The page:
Cool Nautical Traditions We’ve Forgotten About

Nautical traditions were once a huge part of a sailor’s everyday life. Today, these traditions have been nearly wiped out, some due to the natural passage of time, others after being banned by well-meaning but ill-informed figures in authority. Luckily, there are a couple of modern sailors who have made it their duty to keep the past customs alive. And this article is all about the coolest nautical traditions that are now a thing of the past.

1. Cats Once Held Places of Honor Aboard Ships of All Nations

Most people are quick to announce how much they dislike cats, but in the olden days, especially on ships, cats were held in high regard both for companionship and as anti-rodent patrols. Some were so famous that they were even celebrated after death, such as Oskar or “Unsinkable Sam,” who was honored with a pastel portrait in the National Maritime Museum in Greenwich, England. We all know that cats have nine lives and Oscar is no different; he survived numerous sinking ships that would have otherwise cost a human their lives. Cats on ships are no more due to health restrictions.

2. Sailors Once Slept in Hammocks, and If They Died at Sea Were Buried in Them

Hammocks were originally developed by natives of the Caribbean before adopted by Spanish and Portuguese mariners and later the British. They proved to be quite useful to sailors. When not in use, hammocks were easily stored away which meant more space for ship work. Soldiers who died at sea were also buried along with their hammock sewn onto their body. The practice of sleeping in hammocks pretty much died out during the 1950s when sailors went back to sleeping in berths.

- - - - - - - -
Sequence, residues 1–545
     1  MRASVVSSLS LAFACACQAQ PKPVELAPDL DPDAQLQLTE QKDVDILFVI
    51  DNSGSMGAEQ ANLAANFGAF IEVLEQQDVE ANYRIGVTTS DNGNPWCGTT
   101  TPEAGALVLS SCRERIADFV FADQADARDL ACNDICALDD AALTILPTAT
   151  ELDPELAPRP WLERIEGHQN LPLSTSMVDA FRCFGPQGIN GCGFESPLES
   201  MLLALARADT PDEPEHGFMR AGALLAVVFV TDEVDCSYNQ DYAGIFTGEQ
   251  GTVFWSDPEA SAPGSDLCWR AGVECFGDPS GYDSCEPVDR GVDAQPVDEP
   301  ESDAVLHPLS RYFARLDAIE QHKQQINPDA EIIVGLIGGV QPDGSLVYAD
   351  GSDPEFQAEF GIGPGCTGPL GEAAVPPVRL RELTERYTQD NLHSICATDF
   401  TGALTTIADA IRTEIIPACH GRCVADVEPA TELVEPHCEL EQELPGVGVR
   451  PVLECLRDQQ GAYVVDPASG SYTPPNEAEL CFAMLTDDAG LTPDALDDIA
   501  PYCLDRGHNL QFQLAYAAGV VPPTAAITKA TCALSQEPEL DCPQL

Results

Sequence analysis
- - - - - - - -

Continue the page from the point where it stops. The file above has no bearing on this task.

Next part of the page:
3. Receiving One’s Alcohol Ration Was Once the High Point of a Sailor’s Day

Today, drinking on the job is often looked down on—this goes for both workers both on land and on sea. However, back in the old days, it was far from unusual for sailors from nations of the Christian world to receive a ration of alcohol by noon whether in the form of wine, liquor or beer. English speaking nations preferred rum with lemon or lime, while the French and Spanish sought out wine or brandy. Today, French sailors are still allowed to have a glass of wine while aboard their Navy ships while US soldiers are allowed to engage in the custom when visiting.

4. Sailors Were Not Supposed to Whistle a Happy Tune While Aboard

Sailors often held many superstitions while out in the ocean, lest they anger the gods and bring upon their wrath. One such fear included whistling a happy tune while onboard; this was said to anger the gods who would increase the winds, or even take them away entirely. Though under more rational, down-to-earth- circumstances, whistling was simply less than welcomed by crabby and overworked sailors who weren’t exactly welcoming of their shipmates’ attempt at lightening up the mood.

5. Predicting the Weather and Decorating Oneself with Tattoos 

Before we were able to track the weather using satellites, sailors relied on sunrises and sunsets in order to determine the upcoming forecast. A morning sky in shades of red spelled trouble in the form of an impending storm, while a brilliant red sunset was an indication of fair weather for the following 24 hours. Another long-forgotten tradition was tattooing oneself—this practice was so popular during the early 1900s that over 90% of American sailors bore tattoos.

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